None of us have made a career out of it and none have fired a weapon in combat (I was in combat, but chaplains don't typically carry a weapon), but since 1961 we have done our duty, taking our turn standing the watch and I'm damn proud of that, too.


Going to School for the Money?

Hhhmmm  A potentially useful college ranking tool...

Be aware that the tool measures pretty much one thing - the average salary benefit from a degree received from the school.  There's a lot of statistical wizardry that goes into it, and it is not the only thing you should use when deciding which college to attend and/or send your children to (there's more to life than money), but it does give a decent snap-shot of where a school ranks in the earning potential of its graduates.  And if you're going to school merely for a shot at a bigger paycheck, however sad I might find that to be, you're going to want to check these results out.

Bear in mind, again, that these are averages.  A degree in puppeteering from Duke may get you a few more dollars every so often, but it's still a degree in puppeteering.  You aren't going to be raking it in on the strength of that major no matter what school gives it to you.

So have a look at the results Brookings has come up with.


Split Conservative Vote Yields Liberal Triumph in Alberta

To the north, in Alberta, the stunning election results go a very different direction.  Since 1971, the Progressive-Conservative Party (sounds like an oxymoron, I know) has governed the province.  They were soundly defeated this last week by the New Democrat Party (a party that makes some of our Democrats sound positively Libertarian).  The CBC report opens with this statement:
When the Progressive Conservative party in Alberta swept to power under Peter Loughheed in 1971 it was definitely a party of the people. But by earlier this year, with Jim Prentice in charge, it had become like the 1950s TV show Father Knows Best, with the role of "Father" played by big business.
This was definitely a factor.  The other major factor is that the conservative vote was split between the Progressive-Conservatives and the Wildrose Party (28% and 24% respectively) allowing the NDP to win a majority of seats with 41% of the popular vote.  The end result is that P-C went from 70 seats to 10, Wildrose went from 5 to 21 seats, and NDP went from 4 to 53 seats, a clear majority in Alberta's 87-seat legislature.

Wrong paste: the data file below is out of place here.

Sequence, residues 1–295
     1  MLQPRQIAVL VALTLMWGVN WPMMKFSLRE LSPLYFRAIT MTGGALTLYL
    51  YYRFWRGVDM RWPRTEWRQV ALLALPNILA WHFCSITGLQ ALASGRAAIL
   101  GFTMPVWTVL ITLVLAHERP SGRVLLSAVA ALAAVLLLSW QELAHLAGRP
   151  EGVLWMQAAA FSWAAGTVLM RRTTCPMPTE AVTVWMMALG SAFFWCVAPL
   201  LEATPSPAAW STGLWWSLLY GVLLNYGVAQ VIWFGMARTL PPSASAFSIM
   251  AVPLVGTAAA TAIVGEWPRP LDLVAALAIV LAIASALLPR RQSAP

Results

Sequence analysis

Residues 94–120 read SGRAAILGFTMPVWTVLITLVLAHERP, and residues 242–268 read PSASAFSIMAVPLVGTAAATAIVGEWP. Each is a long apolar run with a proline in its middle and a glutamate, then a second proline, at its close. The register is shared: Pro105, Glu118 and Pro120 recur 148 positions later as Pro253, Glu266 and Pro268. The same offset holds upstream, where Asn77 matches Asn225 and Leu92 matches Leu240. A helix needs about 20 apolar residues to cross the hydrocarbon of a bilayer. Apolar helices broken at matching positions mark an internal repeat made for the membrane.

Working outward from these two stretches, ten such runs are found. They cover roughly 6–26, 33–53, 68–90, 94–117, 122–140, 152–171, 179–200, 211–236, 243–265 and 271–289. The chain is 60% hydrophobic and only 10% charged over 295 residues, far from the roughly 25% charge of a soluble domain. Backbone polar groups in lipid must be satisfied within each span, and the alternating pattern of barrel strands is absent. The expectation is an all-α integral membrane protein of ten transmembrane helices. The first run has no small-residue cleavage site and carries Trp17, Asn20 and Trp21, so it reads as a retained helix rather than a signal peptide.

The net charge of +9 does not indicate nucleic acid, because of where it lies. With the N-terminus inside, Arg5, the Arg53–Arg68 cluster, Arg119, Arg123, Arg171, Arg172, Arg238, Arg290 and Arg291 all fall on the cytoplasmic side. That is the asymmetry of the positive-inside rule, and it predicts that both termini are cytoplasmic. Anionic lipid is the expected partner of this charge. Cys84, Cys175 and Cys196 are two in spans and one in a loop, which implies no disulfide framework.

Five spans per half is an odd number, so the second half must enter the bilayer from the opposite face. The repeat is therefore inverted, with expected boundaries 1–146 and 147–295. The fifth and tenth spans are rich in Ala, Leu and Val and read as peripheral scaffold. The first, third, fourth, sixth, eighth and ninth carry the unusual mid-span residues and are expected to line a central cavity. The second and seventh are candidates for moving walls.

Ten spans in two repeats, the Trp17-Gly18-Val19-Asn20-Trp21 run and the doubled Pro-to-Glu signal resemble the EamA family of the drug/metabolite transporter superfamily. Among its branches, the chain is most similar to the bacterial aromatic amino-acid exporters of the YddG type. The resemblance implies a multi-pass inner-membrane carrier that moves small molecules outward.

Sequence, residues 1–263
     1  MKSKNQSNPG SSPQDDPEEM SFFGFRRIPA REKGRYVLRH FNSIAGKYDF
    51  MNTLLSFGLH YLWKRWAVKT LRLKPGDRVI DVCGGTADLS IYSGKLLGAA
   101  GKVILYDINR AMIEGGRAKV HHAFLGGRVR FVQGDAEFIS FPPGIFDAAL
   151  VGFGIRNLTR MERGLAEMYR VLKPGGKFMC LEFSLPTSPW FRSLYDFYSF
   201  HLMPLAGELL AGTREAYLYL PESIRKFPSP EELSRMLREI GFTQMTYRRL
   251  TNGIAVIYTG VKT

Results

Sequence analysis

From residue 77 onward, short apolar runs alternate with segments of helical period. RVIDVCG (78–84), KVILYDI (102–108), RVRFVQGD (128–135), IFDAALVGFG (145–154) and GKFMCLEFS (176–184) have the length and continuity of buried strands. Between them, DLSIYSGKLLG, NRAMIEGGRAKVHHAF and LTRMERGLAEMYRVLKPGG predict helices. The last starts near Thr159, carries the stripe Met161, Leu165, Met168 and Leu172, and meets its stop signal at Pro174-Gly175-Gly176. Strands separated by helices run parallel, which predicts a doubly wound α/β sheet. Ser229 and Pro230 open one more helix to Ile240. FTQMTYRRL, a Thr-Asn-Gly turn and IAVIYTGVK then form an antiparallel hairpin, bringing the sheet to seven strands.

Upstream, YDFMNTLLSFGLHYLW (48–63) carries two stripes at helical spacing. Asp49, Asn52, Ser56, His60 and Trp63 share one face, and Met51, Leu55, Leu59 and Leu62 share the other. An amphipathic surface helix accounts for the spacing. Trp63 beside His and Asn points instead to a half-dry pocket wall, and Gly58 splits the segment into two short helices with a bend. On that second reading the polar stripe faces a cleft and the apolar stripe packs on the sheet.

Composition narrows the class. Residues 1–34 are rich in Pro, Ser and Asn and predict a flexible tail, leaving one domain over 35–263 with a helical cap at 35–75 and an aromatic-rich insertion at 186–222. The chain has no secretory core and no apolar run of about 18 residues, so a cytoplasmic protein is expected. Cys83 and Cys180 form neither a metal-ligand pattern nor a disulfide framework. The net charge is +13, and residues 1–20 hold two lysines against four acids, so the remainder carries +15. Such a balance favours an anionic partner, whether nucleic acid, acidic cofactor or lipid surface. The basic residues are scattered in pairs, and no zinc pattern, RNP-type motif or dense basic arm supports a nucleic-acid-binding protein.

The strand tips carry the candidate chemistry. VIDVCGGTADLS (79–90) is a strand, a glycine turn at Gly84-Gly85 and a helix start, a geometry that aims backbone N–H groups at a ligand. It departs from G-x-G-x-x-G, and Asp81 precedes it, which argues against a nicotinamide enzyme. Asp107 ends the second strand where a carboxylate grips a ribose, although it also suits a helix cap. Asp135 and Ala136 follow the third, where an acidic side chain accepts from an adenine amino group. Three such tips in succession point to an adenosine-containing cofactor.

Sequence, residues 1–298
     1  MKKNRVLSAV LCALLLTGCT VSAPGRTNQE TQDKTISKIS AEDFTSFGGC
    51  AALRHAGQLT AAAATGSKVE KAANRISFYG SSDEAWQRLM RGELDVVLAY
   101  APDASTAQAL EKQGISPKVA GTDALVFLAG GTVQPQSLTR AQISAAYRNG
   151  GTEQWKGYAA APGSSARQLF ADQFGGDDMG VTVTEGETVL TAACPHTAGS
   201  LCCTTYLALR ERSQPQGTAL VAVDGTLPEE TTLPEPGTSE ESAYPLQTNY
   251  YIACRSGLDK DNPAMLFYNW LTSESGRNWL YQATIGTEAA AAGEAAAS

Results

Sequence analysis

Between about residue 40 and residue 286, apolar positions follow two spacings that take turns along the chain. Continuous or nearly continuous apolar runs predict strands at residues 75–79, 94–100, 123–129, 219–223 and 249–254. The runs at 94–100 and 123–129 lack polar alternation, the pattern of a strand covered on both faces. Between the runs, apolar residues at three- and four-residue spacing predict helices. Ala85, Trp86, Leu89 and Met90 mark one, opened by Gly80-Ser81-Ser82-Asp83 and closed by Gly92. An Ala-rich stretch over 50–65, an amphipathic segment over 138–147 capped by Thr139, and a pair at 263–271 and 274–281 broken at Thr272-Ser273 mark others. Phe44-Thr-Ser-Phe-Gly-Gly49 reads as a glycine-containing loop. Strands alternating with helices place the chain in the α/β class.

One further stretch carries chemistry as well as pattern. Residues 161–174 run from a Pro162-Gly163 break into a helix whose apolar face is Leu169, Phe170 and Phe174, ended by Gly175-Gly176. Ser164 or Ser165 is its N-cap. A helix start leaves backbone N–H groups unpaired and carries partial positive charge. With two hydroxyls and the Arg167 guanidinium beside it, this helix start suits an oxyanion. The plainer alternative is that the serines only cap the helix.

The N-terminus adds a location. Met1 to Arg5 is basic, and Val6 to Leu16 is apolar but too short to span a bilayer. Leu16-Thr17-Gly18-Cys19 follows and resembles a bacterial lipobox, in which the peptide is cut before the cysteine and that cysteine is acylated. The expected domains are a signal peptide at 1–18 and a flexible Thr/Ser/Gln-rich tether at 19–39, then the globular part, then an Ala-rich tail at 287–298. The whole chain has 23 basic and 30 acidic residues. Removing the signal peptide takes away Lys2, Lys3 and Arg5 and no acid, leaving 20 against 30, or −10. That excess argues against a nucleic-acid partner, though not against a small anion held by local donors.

I strongly suspect that the way the P-C Party had strayed from its populist roots is one of the reasons the conservative vote split.  Republicans in the US should take heed.  Big businesses may make nice donations, but unlike the Democrat Party, your voters will not stay loyal in the face of crony capitalism and it is voters, not big businesses, who ultimately decide who gets elected.  Alberta is still a conservative-majority province, but it is not a big-business-majority province.

This is also a shot across the bow of the national conservative party in Canada.  Some attention to holding their coalition together must be paid or that vote will split and it will matter little that conservatives total a larger number of voters if that doesn't also mean a majority of MPs.

The NDP now has an opportunity to thread the needle of keeping the geese (energy companies) laying their golden eggs while not letting them dominate the government.  A difficult path and one that our own Democrat Party at the national level has consistently failed to do.  I don't think Alberta's NDP will have quite the same good fortune as US Democrats, however, in holding on to their voting blocs no matter what they do.

UK Election Results - Clear Majority for Conservatives - Cameron Remains PM

On the other side of the pond, we have rather stunning results.  

Polls leading up to yesterday's election in the United Kingdom indicated the Scottish National Party would likely win all 59 seats in Scotland and the two main parties - Labour and Conservative - would be virtually tied.  Exit polling indicated SNP would win 58 and in the rest of the country Conservatives would win 316 seats to Labour's 250 or so.  All surveys indicated the Lib-Dems (a center-left party) would be thrashed and that UKIP would fail to split the conservative vote.

As the polls closed, the BBC election news was somewhat surprised to see Conservatives with 316 seats likely, but that's still not a majority in the British Parliament, so they were trying to get the Conservative representatives on camera to explain how they'd form a coalition government or try to rule as a minority party (the British Parliament has 650 seats in the Commons).

Actual results are even more stunning.  Conservatives won a clear majority - 326 seats - while Labour lost a net 24 seats.  As expected, the Liberal-Democrats were thrashed, going from 57 seats to 8, and UKIP failed to make even a dent in Conservative voting.  The official take from the Conservative Party is that the economy is starting to improve and people don't want to risk that.  But I also think there were quite a few who thought that voting for Labour would be in effect to vote for SNP as Labour would need them to form a coalition government and SNP would be able to effectively call the shots.